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Coldcut are an English dance music duo comprising Matt Black and Jonathan More. Their signature style is electronic dance music, featuring cut up samples of hip hop, breaks, jazz, spoken word and various other types of music, as well as video and multimedia.




In 1986, computer programmer Matt Black and ex-art teacher Jonathan More were part time DJs on the rare groove scene. More also DJed on pirate radio, hosting the Meltdown Show on Kiss FM and worked at the Reckless Records store on Berwick Street, London where Black visited as a customer. Black had created a mixtape for a Capital Radio mix competition. He played the tape to More who suggested a separate edit be made of part of the mix. Black had mixed the Jungle Book's "King of the Swingers" with the break from James Brown's "Funky Drummer". This was the start of a collaboration that was released as "Say Kids, What Time Is It?" on a white label in January 1987.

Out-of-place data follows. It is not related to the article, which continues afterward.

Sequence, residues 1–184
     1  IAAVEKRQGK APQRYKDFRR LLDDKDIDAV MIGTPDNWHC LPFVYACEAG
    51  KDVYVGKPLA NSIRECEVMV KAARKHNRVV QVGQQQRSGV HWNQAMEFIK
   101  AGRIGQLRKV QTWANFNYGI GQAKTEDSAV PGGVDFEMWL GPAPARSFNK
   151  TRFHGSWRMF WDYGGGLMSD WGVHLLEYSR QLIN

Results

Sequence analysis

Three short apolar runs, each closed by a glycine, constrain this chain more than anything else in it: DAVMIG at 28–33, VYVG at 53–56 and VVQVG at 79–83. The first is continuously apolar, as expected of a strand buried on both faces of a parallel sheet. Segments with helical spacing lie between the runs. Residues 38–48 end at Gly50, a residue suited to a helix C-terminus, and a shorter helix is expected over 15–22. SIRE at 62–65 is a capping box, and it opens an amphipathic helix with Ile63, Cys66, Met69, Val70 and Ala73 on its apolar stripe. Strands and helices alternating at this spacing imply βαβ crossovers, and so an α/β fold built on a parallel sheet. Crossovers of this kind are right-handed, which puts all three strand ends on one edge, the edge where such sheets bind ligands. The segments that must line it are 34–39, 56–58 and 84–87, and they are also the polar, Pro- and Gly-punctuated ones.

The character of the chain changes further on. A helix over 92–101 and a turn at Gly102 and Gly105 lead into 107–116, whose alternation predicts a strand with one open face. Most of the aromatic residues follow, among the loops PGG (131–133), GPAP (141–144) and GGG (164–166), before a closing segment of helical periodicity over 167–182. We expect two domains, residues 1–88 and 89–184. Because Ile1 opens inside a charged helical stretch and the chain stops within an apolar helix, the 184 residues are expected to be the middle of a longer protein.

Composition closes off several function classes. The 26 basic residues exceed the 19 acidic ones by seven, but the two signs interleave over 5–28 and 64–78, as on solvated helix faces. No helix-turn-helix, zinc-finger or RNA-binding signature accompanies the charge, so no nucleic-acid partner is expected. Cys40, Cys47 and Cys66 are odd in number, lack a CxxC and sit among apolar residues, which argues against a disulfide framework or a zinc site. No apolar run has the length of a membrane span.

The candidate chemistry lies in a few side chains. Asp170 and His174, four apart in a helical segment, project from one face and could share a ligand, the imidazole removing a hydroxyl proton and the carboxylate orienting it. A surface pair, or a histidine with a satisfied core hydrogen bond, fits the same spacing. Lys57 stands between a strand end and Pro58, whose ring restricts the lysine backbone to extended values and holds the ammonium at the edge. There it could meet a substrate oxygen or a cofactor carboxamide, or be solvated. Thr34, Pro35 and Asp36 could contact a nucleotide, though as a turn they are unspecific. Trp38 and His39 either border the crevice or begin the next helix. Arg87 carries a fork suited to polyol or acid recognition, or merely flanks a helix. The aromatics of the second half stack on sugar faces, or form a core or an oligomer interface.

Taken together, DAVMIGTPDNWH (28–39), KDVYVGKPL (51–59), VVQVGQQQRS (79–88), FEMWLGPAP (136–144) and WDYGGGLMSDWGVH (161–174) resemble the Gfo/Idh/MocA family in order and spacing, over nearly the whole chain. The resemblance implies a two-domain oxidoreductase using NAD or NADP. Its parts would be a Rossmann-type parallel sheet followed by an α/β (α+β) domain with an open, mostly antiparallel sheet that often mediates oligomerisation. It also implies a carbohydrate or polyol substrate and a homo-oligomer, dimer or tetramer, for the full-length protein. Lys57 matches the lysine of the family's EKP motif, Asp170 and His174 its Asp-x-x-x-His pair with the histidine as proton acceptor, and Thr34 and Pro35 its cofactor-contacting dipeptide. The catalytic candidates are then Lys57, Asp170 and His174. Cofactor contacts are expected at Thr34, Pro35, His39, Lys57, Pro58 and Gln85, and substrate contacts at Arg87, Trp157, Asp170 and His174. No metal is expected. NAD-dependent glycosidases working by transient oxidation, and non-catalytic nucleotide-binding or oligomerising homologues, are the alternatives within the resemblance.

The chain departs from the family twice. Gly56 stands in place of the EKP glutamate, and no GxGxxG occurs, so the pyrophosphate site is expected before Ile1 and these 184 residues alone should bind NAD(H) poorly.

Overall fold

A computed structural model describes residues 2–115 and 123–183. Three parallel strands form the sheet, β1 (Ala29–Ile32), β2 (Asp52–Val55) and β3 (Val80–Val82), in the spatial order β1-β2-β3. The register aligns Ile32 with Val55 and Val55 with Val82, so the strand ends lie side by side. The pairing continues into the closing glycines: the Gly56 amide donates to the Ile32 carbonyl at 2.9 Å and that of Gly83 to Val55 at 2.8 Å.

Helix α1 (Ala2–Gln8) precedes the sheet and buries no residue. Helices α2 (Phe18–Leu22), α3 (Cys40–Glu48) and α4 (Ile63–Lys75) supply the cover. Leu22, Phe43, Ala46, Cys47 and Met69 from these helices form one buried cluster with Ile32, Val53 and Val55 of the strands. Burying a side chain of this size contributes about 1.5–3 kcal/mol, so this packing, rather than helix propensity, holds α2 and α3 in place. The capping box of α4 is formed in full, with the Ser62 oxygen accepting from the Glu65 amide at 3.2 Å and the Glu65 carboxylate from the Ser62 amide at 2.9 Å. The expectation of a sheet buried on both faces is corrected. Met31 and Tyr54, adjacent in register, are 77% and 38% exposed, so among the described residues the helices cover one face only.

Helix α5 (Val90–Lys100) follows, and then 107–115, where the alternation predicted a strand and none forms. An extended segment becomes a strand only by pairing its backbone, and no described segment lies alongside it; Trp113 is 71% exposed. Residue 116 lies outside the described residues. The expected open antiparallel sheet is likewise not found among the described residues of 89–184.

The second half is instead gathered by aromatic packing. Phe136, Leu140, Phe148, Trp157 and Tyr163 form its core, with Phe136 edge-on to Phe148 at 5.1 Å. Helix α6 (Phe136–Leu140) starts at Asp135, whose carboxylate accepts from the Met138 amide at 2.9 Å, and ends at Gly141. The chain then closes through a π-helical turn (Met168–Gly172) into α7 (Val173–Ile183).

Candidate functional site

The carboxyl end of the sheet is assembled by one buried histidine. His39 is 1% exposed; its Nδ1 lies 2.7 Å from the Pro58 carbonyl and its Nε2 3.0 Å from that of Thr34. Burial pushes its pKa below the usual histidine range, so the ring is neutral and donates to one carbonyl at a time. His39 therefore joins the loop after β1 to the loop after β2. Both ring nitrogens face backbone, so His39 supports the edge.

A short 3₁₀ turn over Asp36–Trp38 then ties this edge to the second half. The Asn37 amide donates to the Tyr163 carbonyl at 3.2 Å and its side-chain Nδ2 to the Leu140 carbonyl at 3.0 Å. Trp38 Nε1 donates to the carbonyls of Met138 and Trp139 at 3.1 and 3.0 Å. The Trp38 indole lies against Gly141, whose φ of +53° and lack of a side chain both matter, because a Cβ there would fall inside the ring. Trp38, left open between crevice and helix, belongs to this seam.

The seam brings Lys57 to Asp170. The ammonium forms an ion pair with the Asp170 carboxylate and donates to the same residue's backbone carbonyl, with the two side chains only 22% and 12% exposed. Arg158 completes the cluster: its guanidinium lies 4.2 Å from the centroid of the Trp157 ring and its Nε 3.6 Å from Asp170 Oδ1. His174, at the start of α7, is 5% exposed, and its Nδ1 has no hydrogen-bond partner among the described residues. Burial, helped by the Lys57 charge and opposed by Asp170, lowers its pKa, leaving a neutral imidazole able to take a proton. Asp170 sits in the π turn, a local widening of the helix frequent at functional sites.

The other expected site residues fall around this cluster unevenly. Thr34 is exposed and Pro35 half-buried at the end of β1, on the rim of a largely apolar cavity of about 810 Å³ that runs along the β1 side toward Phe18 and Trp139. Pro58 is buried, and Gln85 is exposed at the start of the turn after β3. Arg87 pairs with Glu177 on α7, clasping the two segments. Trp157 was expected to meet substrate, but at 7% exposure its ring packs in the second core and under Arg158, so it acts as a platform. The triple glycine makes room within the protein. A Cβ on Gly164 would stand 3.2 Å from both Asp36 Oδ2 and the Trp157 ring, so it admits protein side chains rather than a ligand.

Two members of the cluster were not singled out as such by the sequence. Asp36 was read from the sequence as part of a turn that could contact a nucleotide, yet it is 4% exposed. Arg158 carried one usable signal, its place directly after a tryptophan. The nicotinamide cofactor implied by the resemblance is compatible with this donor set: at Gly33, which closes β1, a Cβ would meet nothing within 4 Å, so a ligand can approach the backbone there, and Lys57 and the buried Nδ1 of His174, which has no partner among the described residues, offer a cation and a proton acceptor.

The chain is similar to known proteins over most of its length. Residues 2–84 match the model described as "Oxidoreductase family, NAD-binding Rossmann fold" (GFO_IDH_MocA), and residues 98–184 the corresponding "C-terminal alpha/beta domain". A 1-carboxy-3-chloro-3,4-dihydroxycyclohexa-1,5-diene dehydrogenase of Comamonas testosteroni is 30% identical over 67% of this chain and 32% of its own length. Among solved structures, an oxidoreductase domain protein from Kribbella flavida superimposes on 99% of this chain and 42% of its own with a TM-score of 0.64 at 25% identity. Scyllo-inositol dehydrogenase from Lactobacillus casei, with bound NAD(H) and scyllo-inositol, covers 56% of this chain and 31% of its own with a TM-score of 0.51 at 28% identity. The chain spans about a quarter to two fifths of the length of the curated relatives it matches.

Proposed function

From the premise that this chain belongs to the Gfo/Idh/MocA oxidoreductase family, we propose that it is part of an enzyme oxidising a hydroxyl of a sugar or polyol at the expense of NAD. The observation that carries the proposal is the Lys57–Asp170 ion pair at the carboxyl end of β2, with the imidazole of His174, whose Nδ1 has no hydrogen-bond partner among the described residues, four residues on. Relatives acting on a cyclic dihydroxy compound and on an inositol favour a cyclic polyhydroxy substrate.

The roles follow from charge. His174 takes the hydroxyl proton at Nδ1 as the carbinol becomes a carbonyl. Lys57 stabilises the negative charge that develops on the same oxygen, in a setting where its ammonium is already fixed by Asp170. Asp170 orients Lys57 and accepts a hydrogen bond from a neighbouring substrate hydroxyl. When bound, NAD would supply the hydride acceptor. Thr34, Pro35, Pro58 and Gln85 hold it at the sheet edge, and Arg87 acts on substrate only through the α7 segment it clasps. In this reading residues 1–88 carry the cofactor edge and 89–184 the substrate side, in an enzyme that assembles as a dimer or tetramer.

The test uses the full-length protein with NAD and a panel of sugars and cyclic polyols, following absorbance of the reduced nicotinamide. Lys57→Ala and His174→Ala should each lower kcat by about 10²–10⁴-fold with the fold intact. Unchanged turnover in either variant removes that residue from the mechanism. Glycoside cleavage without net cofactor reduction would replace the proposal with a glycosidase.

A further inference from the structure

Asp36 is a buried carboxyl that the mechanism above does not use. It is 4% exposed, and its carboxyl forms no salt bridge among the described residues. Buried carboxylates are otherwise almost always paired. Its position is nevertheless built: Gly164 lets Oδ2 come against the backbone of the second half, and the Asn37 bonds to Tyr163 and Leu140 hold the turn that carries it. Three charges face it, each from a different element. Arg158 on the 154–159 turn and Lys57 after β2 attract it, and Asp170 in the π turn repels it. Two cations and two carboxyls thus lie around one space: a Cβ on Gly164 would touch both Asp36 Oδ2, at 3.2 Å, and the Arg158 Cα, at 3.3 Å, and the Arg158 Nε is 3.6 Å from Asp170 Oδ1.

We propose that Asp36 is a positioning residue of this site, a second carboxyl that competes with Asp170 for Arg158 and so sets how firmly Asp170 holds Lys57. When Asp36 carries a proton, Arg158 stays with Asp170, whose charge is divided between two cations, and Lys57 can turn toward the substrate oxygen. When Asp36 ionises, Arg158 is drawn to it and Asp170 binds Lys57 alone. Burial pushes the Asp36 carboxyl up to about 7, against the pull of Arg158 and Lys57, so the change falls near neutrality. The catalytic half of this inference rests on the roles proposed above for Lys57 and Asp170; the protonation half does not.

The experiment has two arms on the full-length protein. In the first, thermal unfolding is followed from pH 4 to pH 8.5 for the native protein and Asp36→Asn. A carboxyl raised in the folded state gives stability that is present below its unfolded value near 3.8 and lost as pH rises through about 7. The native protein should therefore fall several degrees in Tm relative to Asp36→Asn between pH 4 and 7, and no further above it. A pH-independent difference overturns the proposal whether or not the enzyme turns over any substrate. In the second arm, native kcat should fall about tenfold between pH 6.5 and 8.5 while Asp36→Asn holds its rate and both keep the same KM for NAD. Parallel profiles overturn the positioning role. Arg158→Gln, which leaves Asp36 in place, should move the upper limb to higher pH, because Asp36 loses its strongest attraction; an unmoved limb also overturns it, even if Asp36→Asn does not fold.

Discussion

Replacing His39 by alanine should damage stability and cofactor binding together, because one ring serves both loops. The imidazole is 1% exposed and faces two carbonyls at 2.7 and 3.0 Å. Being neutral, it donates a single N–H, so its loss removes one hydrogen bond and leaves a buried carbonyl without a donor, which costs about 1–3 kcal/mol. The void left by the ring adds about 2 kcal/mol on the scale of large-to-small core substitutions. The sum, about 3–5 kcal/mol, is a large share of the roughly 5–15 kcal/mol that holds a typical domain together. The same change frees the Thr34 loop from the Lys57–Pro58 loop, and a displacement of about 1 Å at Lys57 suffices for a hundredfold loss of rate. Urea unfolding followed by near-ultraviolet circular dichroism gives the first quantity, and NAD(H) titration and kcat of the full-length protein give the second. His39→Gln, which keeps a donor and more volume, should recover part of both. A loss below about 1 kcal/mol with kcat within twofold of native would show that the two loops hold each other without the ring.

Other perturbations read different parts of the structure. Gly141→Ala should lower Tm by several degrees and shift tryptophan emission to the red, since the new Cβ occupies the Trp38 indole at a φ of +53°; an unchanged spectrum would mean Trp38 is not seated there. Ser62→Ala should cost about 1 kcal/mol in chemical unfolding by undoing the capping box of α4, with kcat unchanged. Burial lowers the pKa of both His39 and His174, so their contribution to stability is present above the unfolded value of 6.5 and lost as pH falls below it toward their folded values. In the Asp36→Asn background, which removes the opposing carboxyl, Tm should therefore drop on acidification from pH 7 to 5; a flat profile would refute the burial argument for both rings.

Later in the year, after Black joined Kiss FM with his own mix-based show, the pair eventually joined forces for their own show, Solid Steel. During the year, the duo adopted the name Coldcut and set up a record label, "Ahead of Our Time", to release the single "Beats + Pieces" (one of the formats also included "That Greedy Beat"). All of these tracks were made by the assembly of spliced tape edits that would sometimes run "all over the room". The duo used sampling from Led Zeppelin to James Brown.

Coldcut's first mainstream success came when a representative from Island Records asked them to remix hip hop duo Eric B. & Rakim's "Paid in Full". The remix featured a prominent Ofra Haza sample and many other vocal cut ups as well as a looped rhythm which, when speeded up, became a staple[citation needed] of the breakbeats genre. After it proved popular in the clubs,[citation needed] this Coldcut "Seven Minutes of Madness" remix ended up being promoted as the single in the UK. Released in October 1987, it became a breakthrough hit for Eric B & Rakim outside the U.S., reaching #15 in the UK and the top 20 in a number of European countries.[citation needed] It was voted remix of the year and is now regarded[citation needed] as both a hip hop classic and a breakthrough in the remix field. This remix was itself sampled in the remix of "Pump Up the Volume" by MARRS that reached #1 in the UK, also in October 1987.

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